Make a Schedule

The next time you have a writing deadline, try using an un-schedule to outline a realistic plan for when you will write. An un-schedule is a weekly calendar of all the ways in which your time is already accounted for. When you make an un-schedule, you consider not only your timed commitments such as classes and meetings, but also your untimed activities such as meals, exercise, errands, work, sports, after-school activities, clubs, and time with friends and family, and the like. It is not a list of what you should do in a given week; rather it is an outline of the time that you will necessarily spend doing other things besides writing.

Once you have made your un-schedule, take a look at the blank spaces. These represent the maximum number of hours that you could potentially spend writing. By starting with these blank spaces as a guide, you will be able to more accurately predict how much time you will be able to write on any given day. 

You may be able to see, for instance, that you really don’t have five hours to spend writing on the night before the paper is due. By planning accordingly, you will not only get a better night’s sleep, you may also end up with a better paper!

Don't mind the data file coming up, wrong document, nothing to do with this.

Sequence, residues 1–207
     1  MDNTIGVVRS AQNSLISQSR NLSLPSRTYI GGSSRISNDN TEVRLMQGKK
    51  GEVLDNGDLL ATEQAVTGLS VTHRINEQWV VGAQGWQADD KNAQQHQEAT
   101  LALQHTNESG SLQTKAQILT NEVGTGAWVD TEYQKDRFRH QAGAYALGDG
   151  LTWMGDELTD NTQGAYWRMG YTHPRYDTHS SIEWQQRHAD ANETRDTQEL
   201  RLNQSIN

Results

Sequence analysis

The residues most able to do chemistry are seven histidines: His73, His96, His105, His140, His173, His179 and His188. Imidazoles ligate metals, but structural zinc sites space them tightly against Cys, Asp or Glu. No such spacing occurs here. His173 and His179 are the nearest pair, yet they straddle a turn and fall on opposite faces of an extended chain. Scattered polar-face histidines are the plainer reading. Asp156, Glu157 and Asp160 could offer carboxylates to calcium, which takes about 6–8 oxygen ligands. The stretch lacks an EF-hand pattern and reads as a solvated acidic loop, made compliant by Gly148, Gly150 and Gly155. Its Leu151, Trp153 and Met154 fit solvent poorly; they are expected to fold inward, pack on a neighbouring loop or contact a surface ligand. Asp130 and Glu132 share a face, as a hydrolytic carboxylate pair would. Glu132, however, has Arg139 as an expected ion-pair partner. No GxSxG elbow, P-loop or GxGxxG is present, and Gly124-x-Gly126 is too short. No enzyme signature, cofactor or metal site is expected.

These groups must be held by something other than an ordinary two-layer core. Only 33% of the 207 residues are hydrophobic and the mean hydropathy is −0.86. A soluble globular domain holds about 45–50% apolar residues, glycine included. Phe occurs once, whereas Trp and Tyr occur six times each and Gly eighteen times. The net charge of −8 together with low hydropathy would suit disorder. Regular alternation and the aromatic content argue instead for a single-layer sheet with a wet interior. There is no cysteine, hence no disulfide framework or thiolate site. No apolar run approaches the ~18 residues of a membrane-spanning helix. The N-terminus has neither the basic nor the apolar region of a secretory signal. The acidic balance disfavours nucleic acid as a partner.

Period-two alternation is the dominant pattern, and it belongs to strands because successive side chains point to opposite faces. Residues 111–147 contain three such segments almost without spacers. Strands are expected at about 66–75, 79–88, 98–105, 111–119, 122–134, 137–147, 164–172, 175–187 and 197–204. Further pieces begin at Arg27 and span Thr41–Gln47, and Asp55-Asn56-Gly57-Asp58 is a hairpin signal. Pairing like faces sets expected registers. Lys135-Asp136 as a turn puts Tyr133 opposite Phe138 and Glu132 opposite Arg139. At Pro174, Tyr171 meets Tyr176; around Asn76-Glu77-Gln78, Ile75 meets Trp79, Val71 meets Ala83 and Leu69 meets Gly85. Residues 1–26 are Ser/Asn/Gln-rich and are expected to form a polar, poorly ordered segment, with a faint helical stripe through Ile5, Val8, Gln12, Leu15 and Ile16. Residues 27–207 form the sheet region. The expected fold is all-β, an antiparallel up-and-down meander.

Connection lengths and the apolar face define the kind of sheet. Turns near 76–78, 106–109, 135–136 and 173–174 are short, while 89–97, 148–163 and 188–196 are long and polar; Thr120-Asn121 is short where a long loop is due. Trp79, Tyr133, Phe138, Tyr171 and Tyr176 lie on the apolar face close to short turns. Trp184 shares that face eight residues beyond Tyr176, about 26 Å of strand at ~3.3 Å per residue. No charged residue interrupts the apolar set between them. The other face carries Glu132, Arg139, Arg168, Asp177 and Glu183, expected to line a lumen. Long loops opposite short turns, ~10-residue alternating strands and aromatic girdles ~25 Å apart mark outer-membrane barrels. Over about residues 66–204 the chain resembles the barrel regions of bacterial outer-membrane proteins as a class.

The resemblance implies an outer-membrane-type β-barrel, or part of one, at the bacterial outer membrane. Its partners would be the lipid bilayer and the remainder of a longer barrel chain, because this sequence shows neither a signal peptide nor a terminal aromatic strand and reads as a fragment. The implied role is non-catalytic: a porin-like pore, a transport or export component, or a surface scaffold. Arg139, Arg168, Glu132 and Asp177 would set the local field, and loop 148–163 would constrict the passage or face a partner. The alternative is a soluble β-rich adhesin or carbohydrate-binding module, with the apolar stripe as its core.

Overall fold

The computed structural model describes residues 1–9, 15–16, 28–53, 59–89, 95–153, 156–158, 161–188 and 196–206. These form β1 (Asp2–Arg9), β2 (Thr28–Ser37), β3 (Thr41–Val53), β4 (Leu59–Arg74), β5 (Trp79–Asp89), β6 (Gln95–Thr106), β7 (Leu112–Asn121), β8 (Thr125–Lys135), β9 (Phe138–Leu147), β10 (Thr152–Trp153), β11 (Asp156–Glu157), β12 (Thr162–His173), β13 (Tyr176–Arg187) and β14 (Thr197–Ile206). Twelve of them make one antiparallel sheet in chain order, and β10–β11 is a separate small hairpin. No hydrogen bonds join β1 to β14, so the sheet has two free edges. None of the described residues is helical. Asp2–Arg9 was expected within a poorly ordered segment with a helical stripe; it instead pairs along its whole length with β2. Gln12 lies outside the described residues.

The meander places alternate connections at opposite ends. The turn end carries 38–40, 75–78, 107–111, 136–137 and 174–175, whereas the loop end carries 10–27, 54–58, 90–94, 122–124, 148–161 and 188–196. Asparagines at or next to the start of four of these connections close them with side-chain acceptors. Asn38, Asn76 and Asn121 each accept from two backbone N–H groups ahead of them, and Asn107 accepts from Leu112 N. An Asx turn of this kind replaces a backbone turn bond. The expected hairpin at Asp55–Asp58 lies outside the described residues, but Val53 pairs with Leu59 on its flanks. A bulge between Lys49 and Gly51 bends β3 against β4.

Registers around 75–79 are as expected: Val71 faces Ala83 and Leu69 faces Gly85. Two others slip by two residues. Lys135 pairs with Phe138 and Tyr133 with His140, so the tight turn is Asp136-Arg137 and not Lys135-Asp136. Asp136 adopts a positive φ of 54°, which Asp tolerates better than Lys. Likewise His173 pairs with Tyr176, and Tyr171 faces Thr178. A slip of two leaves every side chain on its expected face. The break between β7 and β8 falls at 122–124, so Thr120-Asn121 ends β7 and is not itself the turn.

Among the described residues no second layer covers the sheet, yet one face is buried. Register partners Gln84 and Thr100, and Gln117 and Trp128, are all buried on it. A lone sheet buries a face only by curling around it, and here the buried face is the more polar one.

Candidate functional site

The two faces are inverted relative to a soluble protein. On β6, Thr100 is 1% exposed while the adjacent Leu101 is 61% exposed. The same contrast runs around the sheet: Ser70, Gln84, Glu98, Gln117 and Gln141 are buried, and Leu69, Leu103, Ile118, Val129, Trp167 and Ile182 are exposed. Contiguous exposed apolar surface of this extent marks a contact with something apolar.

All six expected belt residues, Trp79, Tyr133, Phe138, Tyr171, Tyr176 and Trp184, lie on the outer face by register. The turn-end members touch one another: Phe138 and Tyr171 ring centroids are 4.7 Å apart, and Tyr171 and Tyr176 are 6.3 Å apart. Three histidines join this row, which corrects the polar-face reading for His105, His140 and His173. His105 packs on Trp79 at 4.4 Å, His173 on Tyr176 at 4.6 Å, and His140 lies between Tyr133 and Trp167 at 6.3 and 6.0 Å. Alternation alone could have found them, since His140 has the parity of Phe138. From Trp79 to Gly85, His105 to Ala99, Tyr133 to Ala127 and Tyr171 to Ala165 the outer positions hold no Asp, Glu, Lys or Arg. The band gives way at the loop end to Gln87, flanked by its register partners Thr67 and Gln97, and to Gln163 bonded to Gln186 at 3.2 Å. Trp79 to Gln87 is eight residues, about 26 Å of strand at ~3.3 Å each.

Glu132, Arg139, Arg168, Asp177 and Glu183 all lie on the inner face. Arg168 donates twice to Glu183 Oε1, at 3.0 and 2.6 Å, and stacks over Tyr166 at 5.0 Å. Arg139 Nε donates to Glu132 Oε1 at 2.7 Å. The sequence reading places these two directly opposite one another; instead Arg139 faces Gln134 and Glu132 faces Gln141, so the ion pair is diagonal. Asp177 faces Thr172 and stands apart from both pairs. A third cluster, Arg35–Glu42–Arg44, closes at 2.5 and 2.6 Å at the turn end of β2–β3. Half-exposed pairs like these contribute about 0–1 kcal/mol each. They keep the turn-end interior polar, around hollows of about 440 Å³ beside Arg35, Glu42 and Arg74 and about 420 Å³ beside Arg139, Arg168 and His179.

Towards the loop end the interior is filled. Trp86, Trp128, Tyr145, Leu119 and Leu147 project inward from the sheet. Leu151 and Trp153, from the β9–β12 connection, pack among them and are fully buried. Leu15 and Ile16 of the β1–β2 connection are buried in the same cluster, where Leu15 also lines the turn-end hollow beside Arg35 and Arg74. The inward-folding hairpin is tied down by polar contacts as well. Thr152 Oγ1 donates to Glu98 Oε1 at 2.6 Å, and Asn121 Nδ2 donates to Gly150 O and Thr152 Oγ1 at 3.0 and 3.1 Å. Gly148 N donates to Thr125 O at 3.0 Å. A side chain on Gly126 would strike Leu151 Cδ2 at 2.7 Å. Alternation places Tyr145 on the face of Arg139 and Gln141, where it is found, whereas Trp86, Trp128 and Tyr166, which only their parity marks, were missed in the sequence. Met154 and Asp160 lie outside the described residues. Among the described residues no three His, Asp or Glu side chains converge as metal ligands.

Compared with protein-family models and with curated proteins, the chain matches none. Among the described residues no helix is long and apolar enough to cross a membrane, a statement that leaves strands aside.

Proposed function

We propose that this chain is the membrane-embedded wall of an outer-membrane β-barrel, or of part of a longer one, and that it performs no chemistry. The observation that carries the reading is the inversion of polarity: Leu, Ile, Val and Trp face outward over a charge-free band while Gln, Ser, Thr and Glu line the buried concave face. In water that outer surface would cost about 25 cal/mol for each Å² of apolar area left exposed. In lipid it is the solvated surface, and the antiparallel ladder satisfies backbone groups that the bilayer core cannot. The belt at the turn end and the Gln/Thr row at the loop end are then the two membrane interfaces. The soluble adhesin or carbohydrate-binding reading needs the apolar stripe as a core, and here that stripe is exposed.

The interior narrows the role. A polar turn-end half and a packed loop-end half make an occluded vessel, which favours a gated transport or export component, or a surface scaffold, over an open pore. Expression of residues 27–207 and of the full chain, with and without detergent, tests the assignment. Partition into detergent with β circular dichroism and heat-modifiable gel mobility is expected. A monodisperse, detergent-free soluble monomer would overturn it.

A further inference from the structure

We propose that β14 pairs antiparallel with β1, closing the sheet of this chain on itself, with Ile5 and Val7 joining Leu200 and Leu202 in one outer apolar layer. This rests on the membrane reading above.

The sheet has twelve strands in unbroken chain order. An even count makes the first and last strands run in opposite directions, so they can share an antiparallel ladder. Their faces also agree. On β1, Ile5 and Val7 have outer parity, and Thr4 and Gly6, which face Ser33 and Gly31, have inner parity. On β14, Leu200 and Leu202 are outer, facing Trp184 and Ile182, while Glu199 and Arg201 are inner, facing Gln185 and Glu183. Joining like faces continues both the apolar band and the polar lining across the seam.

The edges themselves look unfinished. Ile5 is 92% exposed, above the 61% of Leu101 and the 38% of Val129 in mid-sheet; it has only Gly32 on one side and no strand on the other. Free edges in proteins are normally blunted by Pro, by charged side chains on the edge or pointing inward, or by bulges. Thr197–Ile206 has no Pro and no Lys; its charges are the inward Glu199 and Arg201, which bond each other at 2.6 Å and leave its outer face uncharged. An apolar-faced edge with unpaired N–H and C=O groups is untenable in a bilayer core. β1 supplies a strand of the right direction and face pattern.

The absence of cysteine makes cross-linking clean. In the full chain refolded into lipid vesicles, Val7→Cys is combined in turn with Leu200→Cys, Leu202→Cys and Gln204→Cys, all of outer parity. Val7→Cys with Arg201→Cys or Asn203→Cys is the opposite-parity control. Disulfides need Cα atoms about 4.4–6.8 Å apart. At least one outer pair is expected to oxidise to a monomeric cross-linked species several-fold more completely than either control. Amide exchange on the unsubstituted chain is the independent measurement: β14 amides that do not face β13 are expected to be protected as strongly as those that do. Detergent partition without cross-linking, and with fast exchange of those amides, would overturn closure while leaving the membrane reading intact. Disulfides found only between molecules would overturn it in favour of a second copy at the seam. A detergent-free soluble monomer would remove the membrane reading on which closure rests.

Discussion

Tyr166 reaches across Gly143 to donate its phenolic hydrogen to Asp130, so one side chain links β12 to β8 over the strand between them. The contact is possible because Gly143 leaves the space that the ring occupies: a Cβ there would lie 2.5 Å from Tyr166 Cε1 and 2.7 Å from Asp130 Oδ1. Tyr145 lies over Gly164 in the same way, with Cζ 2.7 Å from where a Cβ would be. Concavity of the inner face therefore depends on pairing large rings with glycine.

The un-schedule might also be a good way to get started on a larger writing project, such as a term paper or a presentation project. You may think that you have “all semester” to get the writing/presentation done, but if you really sit down and map out how much time you have available to write on a daily and weekly basis, you will see that you need to get started sooner, rather than later. In addition, the unschedule may reveal especially busy weeks or months, which will help you budget time for long-term projects.

Perhaps most importantly, the un-schedule can help you examine how you spend your time. You may be surprised at how much (or how little) time you spend watching television, and decide to make a change. It’s especially important that you build time for fun activities into your un-schedule. Otherwise, you will procrastinate in order to steal time for relaxation.

                                                                                                       You can also use the un-schedule to record your progress
 towards your goal. Each time you work on your paper, for example, 
 mark it on the un-schedule. 

One of the most important things you can do to kick the procrastination habit is to reward yourself when you write something, even if (especially if) that writing is only a little piece of the whole. 

Seeing your success on paper will help reinforce the productive behavior, and you will feel more motivated to write later in the day or week.